870. As much as you tried to convert me to the dark(mossberg)side a few months back, an 870 is still soooo versitile! Get a tube extender and a tac barrel. The swap takes minutes, if not seconds. If you want to get real tacticool(you shoot glocks so of course you do), get a colapsible stock with a pistol grip. It can also be swapped out in a few minutes.
December 21, 2005, 02:31 PM
You can do "entry-level" 3-gun with just about any reasonable gear. I shoot only 3-4 matches a year, so I haven't invested in much, beyond my guns and an ammo belt for the shotgun.
Different matches favor different gear. I shot a match with long rifle shots over 300 yards, and close shotgun shots of ten. I shot another one with long shotgun shots of 80 yards, and a rifle house-clearing stage, with narrow halls and 5' shots. Fun to see those scoped, bipodded, 22"-barreled ARs maneuvered in a narrow hallway.
For rifle shooting, accuracy is king. Just about everyone is shooting a .223, and since peripheral hits are penalized fairly heavily, you have to get your hits. Having 30-round capacity is nice.
For shotgun, reloading is king. Unless the target is a plate rack, where quick recovery between shots is a big advantage, there isn't a lot to choose between an auto and a pump. Reloading the shotgun is what burns up the time, so you can win shotgun stages by being quick to reload. I watched a guy with a technique that allowed him to load four rounds in about two seconds, and he could beat everyone on his reloading alone.
Use what you want for a pistol, but note that most matches have a "Limited" division that allows hi-cap pistols, so if you favor a single stack, you'll be at a disadvantage there.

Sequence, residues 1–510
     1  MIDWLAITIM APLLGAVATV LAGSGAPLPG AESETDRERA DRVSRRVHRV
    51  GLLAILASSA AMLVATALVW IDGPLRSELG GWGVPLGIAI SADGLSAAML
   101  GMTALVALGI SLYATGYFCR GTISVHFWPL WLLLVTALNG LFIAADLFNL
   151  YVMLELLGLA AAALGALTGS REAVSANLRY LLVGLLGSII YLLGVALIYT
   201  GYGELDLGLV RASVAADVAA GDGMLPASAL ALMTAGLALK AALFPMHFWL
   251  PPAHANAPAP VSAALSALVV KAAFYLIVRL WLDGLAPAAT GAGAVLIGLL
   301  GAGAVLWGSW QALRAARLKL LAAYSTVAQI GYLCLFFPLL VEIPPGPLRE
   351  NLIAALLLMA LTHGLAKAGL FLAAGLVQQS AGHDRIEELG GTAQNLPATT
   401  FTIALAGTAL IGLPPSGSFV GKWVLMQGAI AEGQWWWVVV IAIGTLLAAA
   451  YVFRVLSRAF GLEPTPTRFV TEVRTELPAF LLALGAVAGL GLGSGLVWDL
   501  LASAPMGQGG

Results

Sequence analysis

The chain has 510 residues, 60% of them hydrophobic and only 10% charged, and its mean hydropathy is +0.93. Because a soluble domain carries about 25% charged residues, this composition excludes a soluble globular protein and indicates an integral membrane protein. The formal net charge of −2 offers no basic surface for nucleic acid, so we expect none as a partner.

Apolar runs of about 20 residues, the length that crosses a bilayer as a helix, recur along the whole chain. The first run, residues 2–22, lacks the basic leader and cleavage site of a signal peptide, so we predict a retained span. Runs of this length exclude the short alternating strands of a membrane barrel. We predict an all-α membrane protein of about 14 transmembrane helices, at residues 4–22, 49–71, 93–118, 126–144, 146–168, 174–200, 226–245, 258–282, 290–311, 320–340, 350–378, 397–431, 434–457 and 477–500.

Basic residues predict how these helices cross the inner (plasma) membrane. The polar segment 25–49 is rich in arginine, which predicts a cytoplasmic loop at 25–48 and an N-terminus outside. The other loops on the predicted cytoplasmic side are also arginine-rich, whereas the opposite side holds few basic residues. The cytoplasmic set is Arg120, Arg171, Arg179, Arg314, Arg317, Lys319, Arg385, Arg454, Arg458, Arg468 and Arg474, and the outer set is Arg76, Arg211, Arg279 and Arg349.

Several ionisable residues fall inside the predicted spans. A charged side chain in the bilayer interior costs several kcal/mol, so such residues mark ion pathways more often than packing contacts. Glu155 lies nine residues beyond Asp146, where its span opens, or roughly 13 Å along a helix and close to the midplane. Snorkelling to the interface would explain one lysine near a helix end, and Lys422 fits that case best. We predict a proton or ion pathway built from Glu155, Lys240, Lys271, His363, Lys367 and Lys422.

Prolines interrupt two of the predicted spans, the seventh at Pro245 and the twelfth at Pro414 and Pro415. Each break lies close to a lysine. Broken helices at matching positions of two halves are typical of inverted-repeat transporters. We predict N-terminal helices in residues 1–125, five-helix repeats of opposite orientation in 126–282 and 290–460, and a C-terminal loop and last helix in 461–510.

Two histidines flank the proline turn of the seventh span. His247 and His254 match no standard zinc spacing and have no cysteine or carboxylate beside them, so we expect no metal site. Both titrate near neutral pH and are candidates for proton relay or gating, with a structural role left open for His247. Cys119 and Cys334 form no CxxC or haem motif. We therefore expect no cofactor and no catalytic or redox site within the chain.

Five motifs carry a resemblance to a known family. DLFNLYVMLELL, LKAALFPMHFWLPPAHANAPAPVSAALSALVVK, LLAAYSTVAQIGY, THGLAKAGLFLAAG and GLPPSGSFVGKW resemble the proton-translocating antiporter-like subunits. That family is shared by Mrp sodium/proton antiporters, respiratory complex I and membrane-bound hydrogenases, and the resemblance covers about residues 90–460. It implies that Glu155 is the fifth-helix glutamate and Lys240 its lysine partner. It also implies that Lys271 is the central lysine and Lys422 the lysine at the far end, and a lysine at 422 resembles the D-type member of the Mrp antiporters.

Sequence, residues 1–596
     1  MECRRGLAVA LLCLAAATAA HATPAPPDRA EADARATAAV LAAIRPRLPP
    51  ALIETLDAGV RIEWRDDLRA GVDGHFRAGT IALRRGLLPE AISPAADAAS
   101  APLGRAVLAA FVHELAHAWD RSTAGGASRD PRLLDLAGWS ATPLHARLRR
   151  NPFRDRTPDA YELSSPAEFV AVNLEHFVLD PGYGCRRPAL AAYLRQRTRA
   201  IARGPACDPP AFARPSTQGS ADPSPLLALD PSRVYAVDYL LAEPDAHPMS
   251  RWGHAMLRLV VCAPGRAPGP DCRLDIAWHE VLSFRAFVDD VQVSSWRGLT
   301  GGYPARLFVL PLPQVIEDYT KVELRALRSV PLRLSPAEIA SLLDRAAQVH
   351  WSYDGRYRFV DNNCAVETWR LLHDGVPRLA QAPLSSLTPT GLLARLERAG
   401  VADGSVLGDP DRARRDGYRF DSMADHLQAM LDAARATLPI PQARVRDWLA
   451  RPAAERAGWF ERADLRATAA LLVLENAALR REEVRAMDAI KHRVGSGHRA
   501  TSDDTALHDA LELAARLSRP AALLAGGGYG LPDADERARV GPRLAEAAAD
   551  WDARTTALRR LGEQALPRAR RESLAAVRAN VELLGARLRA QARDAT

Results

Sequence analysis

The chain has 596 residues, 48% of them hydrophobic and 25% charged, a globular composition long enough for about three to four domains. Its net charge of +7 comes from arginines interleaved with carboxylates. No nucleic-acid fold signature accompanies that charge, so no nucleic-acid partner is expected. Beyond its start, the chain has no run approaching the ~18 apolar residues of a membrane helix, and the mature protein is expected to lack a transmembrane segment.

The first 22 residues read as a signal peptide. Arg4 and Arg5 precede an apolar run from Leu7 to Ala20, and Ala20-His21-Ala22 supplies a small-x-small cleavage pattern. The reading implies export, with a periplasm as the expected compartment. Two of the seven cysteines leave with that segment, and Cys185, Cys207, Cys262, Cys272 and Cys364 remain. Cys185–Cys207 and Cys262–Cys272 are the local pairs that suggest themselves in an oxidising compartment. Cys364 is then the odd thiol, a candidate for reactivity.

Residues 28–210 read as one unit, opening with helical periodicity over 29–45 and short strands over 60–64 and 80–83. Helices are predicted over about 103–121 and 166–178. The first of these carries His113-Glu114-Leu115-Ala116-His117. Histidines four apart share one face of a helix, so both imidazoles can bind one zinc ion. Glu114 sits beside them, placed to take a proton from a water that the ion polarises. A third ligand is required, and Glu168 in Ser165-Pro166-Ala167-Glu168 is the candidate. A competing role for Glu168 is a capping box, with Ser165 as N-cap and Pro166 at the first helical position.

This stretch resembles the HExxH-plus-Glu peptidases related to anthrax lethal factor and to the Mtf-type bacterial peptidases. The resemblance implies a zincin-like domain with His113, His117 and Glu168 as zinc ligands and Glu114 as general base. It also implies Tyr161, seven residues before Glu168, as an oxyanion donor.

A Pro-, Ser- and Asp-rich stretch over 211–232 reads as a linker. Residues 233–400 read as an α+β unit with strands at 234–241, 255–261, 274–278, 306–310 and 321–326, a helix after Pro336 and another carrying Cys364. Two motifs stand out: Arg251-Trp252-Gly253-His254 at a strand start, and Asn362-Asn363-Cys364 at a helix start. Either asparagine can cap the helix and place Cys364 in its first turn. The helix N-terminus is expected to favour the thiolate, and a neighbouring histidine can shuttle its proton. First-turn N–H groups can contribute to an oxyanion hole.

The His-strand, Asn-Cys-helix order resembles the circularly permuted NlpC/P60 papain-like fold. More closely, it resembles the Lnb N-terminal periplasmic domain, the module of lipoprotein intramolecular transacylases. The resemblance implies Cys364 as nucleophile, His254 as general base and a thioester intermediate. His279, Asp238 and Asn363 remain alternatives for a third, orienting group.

Rules can be confusing and contradictory, depending who's sanctioning the match, but you will always be able to shoot if you have iron sights. Some rules allow optics on the rifle, or one optic sight on the gun of your choice, etc.
I've shot many matches with a 1911, M1 Carbine, and Mossy 590 pump, and as long as the range on rifle shots wasn't over 200 yards, I felt at no real disadvantage compared to the guys with hi-cap pistols, auto shotguns and black rifles.
The last match I shot featured 350yd rifle shots, so I was glad to have a 20" AR for that one.
There are all kinds of holsters, pouches, etc. I use a shell belt for my shotgun ammo, and it is theoretically slow, but I do OK with it.
G.I. belts and pouches are fine for rifle mags. True multigun stages, requiring both pistol and long-gun may require packing reloads for all three. Finding room on the belt for holster, shells, mags, etc., can be tricky, if you don't want to buy specialized gear.
December 23, 2005, 01:50 AM
I'm located in Cedar Rapids, IA. I'm told that the nearest 3-gun match is in western Illinois, if anyone knows of any closer matches, please let me know. And CraZkid, I wasn't singing the praises of mossberg, I have one and don't particularly like it, I was talking about winchester 1300. check out the parctical defender, from the factory tac-ed out. My dad has a 20ga 1300 and speed pump is lightning fast.